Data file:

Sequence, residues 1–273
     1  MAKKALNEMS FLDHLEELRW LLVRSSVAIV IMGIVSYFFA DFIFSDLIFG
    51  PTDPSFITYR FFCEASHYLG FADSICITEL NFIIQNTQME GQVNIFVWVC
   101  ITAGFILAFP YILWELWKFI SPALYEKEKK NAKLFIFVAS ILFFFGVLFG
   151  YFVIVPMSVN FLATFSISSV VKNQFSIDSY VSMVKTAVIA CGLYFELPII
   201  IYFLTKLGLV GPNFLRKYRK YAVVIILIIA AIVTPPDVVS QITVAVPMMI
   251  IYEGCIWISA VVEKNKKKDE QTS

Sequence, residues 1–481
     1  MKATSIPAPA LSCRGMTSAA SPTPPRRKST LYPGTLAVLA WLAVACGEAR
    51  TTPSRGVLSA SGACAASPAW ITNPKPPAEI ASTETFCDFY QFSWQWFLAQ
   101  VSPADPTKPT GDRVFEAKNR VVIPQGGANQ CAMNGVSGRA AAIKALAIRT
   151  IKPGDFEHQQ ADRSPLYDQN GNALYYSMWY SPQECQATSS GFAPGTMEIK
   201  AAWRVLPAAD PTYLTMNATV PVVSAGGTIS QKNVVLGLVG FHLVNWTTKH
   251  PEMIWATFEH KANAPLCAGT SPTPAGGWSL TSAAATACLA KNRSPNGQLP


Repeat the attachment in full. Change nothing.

Sequence, residues 1–273
     1  MAKKALNEMS FLDHLEELRW LLVRSSVAIV IMGIVSYFFA DFIFSDLIFG
    51  PTDPSFITYR FFCEASHYLG FADSICITEL NFIIQNTQME GQVNIFVWVC
   101  ITAGFILAFP YILWELWKFI SPALYEKEKK NAKLFIFVAS ILFFFGVLFG
   151  YFVIVPMSVN FLATFSISSV VKNQFSIDSY VSMVKTAVIA CGLYFELPII
   201  IYFLTKLGLV GPNFLRKYRK YAVVIILIIA AIVTPPDVVS QITVAVPMMI
   251  IYEGCIWISA VVEKNKKKDE QTS

Sequence, residues 1–481
     1  MKATSIPAPA LSCRGMTSAA SPTPPRRKST LYPGTLAVLA WLAVACGEAR
    51  TTPSRGVLSA SGACAASPAW ITNPKPPAEI ASTETFCDFY QFSWQWFLAQ
   101  VSPADPTKPT GDRVFEAKNR VVIPQGGANQ CAMNGVSGRA AAIKALAIRT
   151  IKPGDFEHQQ ADRSPLYDQN GNALYYSMWY SPQECQATSS GFAPGTMEIK
   201  AAWRVLPAAD PTYLTMNATV PVVSAGGTIS QKNVVLGLVG FHLVNWTTKH
   251  PEMIWATFEH KANAPLCAGT SPTPAGGWSL TSAAATACLA KNRSPNGQLP